You don't need some kind of special bomb. Take a big piece of rock (like maybe 10 km in diameter) and accelerate it to speeds of a meteor (around 70 km/s). When that thing hits the spaceport, there would be two consequences:

  1. There would be nothing left
  2. It would look perfectly like a accidental meteor hit
  • $\begingroup$ I just wrote something similar under dutches answer: How does an advanced space ship get hit by a meteor? In order for this to happen a serious malfunction needs to be occurring - which would make this very suspicious $\endgroup$ – Raditz_35 Jul 4 '17 at 9:56
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    $\begingroup$ Ten kilometres in diameter is an asteroid not a meteor. That said I really like this idea, because of devising a similar scheme for wiping out L5 colonies. The main drawback is that it will be easily detected. Spacefaring civilizations have a bad habit of having good radar & lidar systems. Just the thing for detecting runaway asteroids. Smaller rocks might work better. There is the time factor. The rock needs to be accelerated a long way for the spaceport. It will take weeks to months before striking. $\endgroup$ – a4android Jul 4 '17 at 11:08
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    $\begingroup$ @a4android yeah you could make a "asteroid swarm" of many small rocks couple cm or meters in diameter. You can accelerate those a lot faster, and it would be like an extremely big and damaging shotgun shot. You could destroy the fleet beyond repair $\endgroup$ – Fl.pf. Jul 4 '17 at 11:09
  • $\begingroup$ The real trick is how to accelerate the rocks of whatever size and not being detected doing so. That will be a very long way away, on the scale of a planetary system, so it will take a lot of time to hit its target. $\endgroup$ – a4android Jul 4 '17 at 11:19
  • $\begingroup$ @a4android If they have things like gravity bombs or whatever, I'm sure they found a way to accelerate rocks faster. Like a particle accelerator, but for rocks or whatever. So you would only need a ring with 30 km radius. I mean it's fiction, right? $\endgroup$ – Fl.pf. Jul 4 '17 at 11:21

If any of the current bombs are not known to exist yet, then aliens would be considered a likely culprit. If the starships use anti matter, gravity, nuclear or warp engines then an attack on their engines with a similar weapon would appear as an accident. I don't see how a natural phenomenon could be used unless you want to randomly use a wormhole to tear the ship apart but really use a gravity bomb. Or set off some nearby stellar event like a mega flare or super nova with gravity or some other bomb.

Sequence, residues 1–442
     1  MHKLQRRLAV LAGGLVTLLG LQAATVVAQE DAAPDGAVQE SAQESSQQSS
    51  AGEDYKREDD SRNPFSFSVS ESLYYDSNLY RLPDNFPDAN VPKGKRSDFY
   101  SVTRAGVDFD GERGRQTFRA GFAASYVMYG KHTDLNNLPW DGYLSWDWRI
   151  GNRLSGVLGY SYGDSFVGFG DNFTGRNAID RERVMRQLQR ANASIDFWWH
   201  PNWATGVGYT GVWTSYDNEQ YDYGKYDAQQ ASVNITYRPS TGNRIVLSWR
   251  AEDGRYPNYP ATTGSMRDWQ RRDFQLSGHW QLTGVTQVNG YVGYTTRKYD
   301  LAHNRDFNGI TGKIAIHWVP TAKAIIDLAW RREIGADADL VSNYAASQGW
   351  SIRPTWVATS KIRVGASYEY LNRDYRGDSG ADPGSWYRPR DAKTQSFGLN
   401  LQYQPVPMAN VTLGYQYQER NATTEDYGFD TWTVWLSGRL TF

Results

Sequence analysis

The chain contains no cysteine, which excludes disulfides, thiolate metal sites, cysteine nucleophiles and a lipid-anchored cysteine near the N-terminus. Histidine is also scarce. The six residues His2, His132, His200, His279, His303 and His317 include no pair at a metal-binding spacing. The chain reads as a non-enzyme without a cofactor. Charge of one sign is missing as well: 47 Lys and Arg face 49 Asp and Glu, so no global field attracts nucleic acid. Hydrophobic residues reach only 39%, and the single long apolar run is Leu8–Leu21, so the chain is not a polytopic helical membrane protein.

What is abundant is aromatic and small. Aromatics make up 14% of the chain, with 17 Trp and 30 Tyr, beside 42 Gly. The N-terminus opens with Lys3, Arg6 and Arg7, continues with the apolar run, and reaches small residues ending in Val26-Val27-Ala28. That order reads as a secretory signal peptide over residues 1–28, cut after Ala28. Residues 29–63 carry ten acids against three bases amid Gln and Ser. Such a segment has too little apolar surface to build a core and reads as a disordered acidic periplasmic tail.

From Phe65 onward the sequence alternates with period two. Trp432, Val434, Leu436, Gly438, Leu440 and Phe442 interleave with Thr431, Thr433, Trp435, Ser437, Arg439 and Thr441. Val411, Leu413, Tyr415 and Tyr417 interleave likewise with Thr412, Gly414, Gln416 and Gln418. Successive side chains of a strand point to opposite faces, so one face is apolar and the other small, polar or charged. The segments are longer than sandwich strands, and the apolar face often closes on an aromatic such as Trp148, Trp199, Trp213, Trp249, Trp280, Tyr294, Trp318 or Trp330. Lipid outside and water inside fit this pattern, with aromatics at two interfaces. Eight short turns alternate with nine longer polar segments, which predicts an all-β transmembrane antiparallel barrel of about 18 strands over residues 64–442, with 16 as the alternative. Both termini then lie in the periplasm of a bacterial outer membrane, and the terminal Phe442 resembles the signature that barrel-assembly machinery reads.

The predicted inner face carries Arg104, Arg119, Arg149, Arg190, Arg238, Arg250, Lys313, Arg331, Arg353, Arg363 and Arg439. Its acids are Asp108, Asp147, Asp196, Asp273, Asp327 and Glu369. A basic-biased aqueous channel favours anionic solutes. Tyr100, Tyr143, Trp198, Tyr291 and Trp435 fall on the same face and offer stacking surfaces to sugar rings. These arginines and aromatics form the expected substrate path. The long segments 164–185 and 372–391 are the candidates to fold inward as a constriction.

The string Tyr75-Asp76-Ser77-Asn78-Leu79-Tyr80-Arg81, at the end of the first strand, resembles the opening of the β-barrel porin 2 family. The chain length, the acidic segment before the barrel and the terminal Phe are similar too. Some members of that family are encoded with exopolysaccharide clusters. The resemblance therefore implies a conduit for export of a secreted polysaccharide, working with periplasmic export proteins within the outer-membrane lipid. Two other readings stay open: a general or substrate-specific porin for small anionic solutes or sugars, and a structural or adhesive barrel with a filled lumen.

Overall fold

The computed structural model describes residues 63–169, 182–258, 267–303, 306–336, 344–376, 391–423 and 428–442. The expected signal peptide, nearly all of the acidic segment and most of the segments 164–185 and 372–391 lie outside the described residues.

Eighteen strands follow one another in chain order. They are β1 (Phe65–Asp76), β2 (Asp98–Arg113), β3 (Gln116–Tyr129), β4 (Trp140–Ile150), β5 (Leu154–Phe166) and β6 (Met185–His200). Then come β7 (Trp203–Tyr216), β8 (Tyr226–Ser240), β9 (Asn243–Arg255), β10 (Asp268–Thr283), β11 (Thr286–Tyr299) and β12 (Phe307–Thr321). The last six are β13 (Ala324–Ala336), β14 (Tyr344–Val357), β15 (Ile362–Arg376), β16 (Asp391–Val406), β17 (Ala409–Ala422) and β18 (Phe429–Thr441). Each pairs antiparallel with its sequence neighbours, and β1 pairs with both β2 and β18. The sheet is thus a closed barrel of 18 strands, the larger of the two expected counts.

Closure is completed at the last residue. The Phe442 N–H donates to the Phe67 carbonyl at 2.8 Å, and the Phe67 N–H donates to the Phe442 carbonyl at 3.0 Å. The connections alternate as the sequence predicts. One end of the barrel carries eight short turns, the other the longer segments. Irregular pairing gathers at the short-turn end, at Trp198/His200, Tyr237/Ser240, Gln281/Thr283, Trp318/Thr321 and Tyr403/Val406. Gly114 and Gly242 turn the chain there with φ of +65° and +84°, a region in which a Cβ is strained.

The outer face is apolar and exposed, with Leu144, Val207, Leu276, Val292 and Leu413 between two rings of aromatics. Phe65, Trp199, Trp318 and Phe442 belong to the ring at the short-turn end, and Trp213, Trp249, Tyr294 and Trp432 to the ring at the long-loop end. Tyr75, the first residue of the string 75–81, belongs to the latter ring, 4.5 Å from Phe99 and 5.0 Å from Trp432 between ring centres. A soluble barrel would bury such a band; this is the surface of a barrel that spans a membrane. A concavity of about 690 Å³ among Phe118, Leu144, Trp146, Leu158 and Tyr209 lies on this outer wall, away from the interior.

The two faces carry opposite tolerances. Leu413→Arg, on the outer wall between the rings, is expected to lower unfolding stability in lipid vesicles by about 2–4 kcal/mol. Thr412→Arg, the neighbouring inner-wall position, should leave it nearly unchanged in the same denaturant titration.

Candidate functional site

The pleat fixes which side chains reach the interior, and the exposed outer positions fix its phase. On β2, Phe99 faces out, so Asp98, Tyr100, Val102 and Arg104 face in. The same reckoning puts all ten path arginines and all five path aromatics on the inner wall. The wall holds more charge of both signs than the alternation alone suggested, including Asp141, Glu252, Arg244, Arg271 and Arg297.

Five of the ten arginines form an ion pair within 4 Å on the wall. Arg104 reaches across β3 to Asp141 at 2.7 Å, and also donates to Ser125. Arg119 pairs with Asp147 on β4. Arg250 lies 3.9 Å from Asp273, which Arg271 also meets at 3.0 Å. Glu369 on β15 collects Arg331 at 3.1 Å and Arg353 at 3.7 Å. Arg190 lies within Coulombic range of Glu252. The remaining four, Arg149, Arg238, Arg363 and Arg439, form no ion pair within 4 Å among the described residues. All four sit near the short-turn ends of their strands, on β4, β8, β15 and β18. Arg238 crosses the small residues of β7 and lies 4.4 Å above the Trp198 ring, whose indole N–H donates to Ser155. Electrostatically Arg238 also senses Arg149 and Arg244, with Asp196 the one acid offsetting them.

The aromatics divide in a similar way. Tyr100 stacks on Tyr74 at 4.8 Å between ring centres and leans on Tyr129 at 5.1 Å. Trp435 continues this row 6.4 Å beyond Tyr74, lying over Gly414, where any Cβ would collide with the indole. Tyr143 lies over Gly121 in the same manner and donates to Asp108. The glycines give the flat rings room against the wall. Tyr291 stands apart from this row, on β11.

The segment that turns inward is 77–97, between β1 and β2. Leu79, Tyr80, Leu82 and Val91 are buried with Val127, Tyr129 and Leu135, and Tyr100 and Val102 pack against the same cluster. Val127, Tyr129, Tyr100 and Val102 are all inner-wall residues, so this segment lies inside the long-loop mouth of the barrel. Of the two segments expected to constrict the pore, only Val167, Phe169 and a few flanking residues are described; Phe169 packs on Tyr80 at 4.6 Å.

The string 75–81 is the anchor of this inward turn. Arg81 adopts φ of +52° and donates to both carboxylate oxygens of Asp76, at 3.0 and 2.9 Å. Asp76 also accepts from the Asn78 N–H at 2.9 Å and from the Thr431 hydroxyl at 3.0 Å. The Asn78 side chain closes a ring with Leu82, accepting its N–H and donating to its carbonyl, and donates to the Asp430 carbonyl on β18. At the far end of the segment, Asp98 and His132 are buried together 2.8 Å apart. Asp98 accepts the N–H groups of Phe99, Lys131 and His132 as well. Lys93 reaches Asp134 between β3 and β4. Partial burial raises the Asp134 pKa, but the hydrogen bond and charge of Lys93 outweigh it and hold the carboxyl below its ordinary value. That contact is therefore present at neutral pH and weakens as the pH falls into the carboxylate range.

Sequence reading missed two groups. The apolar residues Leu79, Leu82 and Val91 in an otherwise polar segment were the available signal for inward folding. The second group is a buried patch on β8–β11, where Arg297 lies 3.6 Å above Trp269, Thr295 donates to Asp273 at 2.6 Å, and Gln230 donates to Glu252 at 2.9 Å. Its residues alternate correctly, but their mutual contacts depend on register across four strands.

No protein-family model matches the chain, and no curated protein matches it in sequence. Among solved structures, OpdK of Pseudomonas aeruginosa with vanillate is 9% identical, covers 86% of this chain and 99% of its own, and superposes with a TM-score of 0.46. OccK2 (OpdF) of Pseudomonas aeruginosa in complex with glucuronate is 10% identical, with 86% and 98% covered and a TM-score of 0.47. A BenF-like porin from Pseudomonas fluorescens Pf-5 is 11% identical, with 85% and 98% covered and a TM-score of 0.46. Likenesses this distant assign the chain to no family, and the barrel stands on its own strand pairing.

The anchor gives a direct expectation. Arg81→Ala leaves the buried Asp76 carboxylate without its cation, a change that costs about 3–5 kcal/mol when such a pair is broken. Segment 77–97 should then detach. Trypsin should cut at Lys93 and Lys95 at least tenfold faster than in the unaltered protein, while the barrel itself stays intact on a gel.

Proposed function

Target the Capitol Ship's munitions locker(s)? Make it look like whatever happened was one of their own weapons misfiring and triggering all the others in the room.

That said, explosions happen in similar ways... The blast goes out... the epicenter will be the point with the most damage and stuff thrown away from it. FAA investigators can easily tell when a plane explosion is external or internal by the nature of how the remains are damaged (internal explosions will curl the materials away from the interor space, external will do the oposite). There are also specific distribution patterns... in any investigation, a piece of shrapenel is just as important to where it was found. Locard's Exchange Principle ("Every Contact Leaves A Trace") demands that with enough investigative powers and resources, the true perpetrator will be found.

Having said that, physical evidence, even when tampered with, will show some signs of being faked. However, it comes down to what the investigators want to happen as a result of the investigation. The person in charge of the investigation may have a political reason to falsify the report because he does not like the results or likes the results pointing to a different culprit. For example, the sinking of the U.S.S. Maine is now known to have been the result of an accident but it was used as a rallying cry and "why we fight" argument for justification in the Spanish-American war (it was not officially causus belli for the war... but many people who already wanted to declare war on Spain said it was.). Considering the, ahem, human factors in wanting to prosecute a war against both your target and your fall guy... How close will the evidence proving the real culprit be looked at?


A bomb is clearly recognizable in its effect, therefore cannot be really disguised after its explosion. See a nuke or conventional TNT.

I think the closest you can get is to induce an industrial accident resulting in massive explosion, like

  • nuclear powered ship simulate an accident resulting in fusion/explosion of the engine
  • fertilizer carrying ship which explodes (a la Texas City disaster)

So, let's say you have not yet declared war on your target, and one of your spaceships sends an SOS. When approached by the soon to be enemy ship, you can induce a large explosion (the load of the ship may be explosive, or the nuclear engine can be hacked to turn it into a bomb, or you can carry a disguised bomb) and your "helper" will be blown up together with your ship.

Of course this will work only once at best.

  • $\begingroup$ That sucks... we cant really cover up the attack $\endgroup$ – mico villena Jul 4 '17 at 8:51
  • $\begingroup$ I would love to see a reference or some other kind of explanation for your first statement $\endgroup$ – Raditz_35 Jul 4 '17 at 9:45
  • $\begingroup$ @Raditz_35, I don't get your point. A bomb gently releasing its energy over time to pass unnoticed would defeat to purpose of using a bomb, or not? $\endgroup$ – L.Dutch Jul 4 '17 at 9:47
  • $\begingroup$ @L.Dutch And if they would release their energy over time you could cover them up as an accident? "natural phenomenon or alien attack or accident". So how can one unmistakably distinguish a gravitational bomb (since you apparently know what that is) from a meteor hit for example? Not that a meteor could hit any advanced space ship, but that's maybe not the point $\endgroup$ – Raditz_35 Jul 4 '17 at 9:53
  • $\begingroup$ We can go by your way and detonate antimatter bombs... but the stealth bombers operation will be restricted to only engage docked ships from any space cradles that is servicing them... After all it is not unheard of something disastrous happening while docked... $\endgroup$ – mico villena Jul 4 '17 at 9:59